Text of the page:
Letting go

I remember New Year’s 2017. I deemed it, “The year of the small circle.” Though I’m introverted and tend to keep a small circle, I had become aware that quality is better than quantity when it comes to relationships.

Because we are human, we’re going to disappoint each other at times. In worthwhile relationships, those issues get worked out and the relationship becomes stronger as a result. But sometimes relationships become one-sided and toxic.

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I’ve somehow developed a pattern in which I hold onto relationships where I do all the work. The care that I give isn’t reciprocated. When I became aware of this pattern, I had to begin the not-so-easy process of confronting issues in my relationships. Many of those relationships didn’t survive as a result and that’s not necessarily a bad thing.

Friendships of convenience (i.e., people I’ve meet at work, school, church, etc.) tend to nosedive when circumstances change (i.e., graduating, moving, getting married, etc).

I remember trying to hold onto a number of relationships even though they weren’t reciprocated. For me, giving up on the relationships tended to impact me more than the others involved because I was already investing a lot more than they were. Examples include church small groups, a once best friend from high school, a friend from college, and a friend that I used to call my “second mom.”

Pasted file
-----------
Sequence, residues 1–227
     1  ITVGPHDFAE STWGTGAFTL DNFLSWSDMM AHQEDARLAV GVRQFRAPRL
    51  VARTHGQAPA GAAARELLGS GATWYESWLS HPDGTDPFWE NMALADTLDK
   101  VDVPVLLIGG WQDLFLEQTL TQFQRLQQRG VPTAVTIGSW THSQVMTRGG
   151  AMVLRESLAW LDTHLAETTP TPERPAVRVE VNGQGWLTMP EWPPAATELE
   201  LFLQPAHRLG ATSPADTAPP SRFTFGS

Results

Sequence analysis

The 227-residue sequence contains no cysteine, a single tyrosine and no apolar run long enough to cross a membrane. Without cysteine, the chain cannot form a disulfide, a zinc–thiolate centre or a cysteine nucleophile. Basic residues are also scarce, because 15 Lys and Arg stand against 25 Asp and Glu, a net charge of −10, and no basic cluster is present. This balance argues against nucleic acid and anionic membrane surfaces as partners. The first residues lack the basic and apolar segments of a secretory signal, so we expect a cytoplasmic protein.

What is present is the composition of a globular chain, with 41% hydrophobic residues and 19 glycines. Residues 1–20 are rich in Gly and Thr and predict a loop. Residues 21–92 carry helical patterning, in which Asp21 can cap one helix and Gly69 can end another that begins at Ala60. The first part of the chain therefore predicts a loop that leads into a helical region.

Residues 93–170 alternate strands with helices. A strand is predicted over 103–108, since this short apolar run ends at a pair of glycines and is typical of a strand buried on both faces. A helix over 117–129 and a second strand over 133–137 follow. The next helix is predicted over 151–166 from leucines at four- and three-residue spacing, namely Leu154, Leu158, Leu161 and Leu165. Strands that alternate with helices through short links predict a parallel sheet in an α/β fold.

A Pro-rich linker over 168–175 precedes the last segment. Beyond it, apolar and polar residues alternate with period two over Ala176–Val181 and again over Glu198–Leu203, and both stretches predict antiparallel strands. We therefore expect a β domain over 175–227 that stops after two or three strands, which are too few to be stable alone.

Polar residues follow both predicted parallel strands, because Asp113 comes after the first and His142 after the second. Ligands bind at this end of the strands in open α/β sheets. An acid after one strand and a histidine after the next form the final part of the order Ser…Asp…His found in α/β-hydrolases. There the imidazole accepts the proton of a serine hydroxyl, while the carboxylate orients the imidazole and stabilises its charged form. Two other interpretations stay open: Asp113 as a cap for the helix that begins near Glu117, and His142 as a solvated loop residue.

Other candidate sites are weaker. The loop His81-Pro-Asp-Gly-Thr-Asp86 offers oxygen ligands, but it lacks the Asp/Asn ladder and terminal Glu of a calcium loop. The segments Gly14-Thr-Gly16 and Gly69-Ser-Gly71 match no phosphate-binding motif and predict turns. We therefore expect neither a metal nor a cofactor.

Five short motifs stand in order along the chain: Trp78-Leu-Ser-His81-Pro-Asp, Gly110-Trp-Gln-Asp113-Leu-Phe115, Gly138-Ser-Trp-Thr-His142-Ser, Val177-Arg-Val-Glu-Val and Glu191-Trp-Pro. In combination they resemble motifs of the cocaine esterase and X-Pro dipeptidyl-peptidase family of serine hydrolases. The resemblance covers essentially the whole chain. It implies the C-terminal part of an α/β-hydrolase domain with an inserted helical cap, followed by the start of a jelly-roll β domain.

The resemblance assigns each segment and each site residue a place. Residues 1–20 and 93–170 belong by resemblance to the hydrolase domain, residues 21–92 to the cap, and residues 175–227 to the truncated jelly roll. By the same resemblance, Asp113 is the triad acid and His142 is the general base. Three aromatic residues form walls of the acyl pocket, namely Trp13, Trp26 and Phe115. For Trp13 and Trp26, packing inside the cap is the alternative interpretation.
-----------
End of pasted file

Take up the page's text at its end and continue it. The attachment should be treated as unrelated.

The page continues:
Now I didn’t just wake up one day and decide to drop these people from my life; in fact, I tried to fix the relationships. I became a bit more assertive and gently confronted the imbalance in the various relationships. In many of those cases, nothing changed or the relationships got worse once I brought these issues to light. This taught me that letting go was better for me in the long run than continuing to invest the time and energy into people who weren’t willing to do the same.

Sure, letting go hurts. It still does sometimes; however, I’ve learned a lot and have become a stronger person as a result of this pruning process.

In the end, I’m more aware of the give-and-take in my remaining relationships and I tend to be more cautious in new relationships to avoid my old patterns.

Can you relate to the process of evaluating and downsizing unhealthy relationships? How has it benefited you?

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